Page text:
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DIGITAL RESTYLING

September 20, 2015

1936 Mercury Concept

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Written by: Rik Hoving
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1936 MERCURY CONCEPT

 

What would have happened if Mercury had started production in 1936 instead of 1939. Imagine 3 inch longer wheelbase 36, with more streamlined top…

 
This Digital project started when Palle Johansen came across a nice 1936 Ford three window coupe project car. We started to talk about what could be done with the project. Palle wanted it to be a period Custom, but he was also interested in doing something a bit different. We started to discuss the chop of the coupe. And decided that unlike most chops this particular one should start with the actual window opening. Once that was right the rest of the top would need to be shaped accordingly. I had a few very nice side view images of Jon Fisher’s amazing 1936 Ford coupe chopped by Scott Guildner, so it made sense to start with that. The chop on Jon’s 36 Ford is perfect the way it is, but both Palle and me wanted to try something just a little different.

 

CCC-digital-restyling-36-mercury-base-01This is the photo that I used as a base. Jon Fisher’s 1936 Ford coupe chopped by Scott Guildner.

 

 
 
However along the way… I started to think some more about what we had talked about, doing something different with the 1936 Ford. On one of my early morning walks with our dog I came up with an interesting though. What if Mercury would have started producing cars in 1936. Then the wheel base of the car would have been 3 inches longer, the nose could be made longer, which always helps the looks on Custom Car. I did a quick Digital Restyling to show Palle, and he loved the idea. At first I worked with the basic shapes of the 1936 Ford, with extended front end including the front fenders. But soon I had added flush fit Lincoln teardrop skirts, which Palle wanted to incorporate, smooth running boards, longer GM headlights and smooth hood sides.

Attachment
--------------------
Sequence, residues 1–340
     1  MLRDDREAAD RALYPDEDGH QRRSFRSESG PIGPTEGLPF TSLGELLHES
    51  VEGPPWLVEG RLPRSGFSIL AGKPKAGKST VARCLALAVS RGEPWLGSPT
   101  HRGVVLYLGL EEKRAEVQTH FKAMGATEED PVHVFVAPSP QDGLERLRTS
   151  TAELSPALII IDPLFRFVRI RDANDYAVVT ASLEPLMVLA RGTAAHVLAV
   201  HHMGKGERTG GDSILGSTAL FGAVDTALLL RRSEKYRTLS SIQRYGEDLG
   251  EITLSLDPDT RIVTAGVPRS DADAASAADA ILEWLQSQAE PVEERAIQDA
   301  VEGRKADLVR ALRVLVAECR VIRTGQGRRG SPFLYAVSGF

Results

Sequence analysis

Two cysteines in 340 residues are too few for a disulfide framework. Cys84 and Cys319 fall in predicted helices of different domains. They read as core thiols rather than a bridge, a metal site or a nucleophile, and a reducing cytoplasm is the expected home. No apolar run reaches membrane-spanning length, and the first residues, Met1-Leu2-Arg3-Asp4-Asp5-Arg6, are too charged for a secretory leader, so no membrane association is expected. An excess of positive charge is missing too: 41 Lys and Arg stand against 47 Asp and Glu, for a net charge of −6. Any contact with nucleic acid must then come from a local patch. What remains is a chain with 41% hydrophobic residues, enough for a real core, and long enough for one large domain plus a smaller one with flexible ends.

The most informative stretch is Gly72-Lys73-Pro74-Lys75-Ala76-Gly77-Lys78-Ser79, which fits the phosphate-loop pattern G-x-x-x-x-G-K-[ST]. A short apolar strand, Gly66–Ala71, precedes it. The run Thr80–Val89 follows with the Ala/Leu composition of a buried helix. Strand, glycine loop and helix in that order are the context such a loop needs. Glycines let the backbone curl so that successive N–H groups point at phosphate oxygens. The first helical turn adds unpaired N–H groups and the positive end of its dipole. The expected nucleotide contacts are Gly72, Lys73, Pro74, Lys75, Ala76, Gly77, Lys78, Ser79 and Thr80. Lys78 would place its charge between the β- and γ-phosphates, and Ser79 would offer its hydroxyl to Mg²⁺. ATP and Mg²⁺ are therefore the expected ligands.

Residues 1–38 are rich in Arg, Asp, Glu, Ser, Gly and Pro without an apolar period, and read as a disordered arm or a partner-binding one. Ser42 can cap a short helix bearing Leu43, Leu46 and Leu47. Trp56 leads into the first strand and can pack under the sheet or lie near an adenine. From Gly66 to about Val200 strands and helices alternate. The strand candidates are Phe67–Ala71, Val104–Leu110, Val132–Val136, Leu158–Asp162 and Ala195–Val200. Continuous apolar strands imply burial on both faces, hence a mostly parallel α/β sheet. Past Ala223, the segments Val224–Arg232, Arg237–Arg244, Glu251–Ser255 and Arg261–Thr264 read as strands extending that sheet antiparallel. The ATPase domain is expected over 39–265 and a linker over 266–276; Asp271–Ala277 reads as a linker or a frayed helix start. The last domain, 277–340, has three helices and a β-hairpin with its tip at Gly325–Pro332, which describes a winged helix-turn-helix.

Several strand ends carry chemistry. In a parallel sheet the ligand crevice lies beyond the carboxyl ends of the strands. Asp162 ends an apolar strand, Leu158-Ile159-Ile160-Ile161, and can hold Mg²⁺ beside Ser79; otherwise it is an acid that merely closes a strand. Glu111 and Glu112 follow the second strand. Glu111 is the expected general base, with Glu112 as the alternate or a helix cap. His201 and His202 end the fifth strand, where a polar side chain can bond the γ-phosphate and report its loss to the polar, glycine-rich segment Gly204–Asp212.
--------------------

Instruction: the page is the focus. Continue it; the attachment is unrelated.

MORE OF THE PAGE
CCC-digital-restyling-36-mercury-01The first version of the Concept 1936 Mercury was rather “simple”. The hood, hood sides and front fenders were extended by 3 inches. I used an 1938 LaSalle grille and the feners where extended down a little at the end for a better flowing line. The chop has been modified with a reshaped side window opening and a few inches extended behind the B-Pillars, to compensate for the longer hood.

 

 
 

CCC-digital-restyling-36-mercury-02Similar as the number 1, but now with Lincoln fender skirts, side trim and Black Wall tires.

 

 
 

CCC-digital-restyling-36-mercury-03For version number 3 I added the Nash grille and used 1937 Ford hood side inserts.

 

 
 
After that I started to think about replacing the door window frames with units shapes similar to an 1939-40 Mercury, and raking the windshield back a little, just as the 39-40 Mercury has compared to the same year Fords. When I added the new door side window frames the coupe belt line did not look right anymore, so I changed it to look more like a 1936 Ford roadster, and convertible combined. At the time I was doing this Digital Restyling I had been very much in love with the Nash grille Kipp Winward was using on his 1936 Ford 5-Window Ford. So I found a picture of that which I could use. The nice rounded shape of the grille extended the nose a little more, which looked really good with the longer wheel base. Next phase was trying out a few different tire and hubcap variations and side trim and hood side options.
 

CCC-digital-restyling-36-mercury-04For version number 4 things really started to look like the concept Mercury I had in mind. A lot of work was needed to make the new door window frames work with the top. The top itself was chopped some more to get in balance with the rest of the body. Auburn hubcaps were added.

 

 
 

CCC-digital-restyling-36-mercury-05Variation of the hood sides.

 

 
 
After having done a few variations, I wanted to take the car one step further. I leaned back the windshield a little further, and thinned down the rather heavy 1936 Ford top. I found a nice side view photo of a 1939 Mercury and used a new window frame to create even smoother and more streamlined side window openings. I also reshaped the front fenders to make them a little more bulbous and shaped them a bit more like the rear fenders, or perhas like the 1937-38 Ford fenders look like. But the section where they meet the running boards would still remain very much 36 Ford. I used a modified 1939 Ford Standard side trim on the hood sides.
 

CCC-digital-restyling-36-mercury-06For the number 6 concept I changed the whole top once again. Leaned back windshield and completely reshaped side window opening. The front fenders have more bulge added at the rear section and a nice u-turn side trim styled after a 1939 Ford was added. I also added 1939 Mercury bumpers to fit the theme a little better.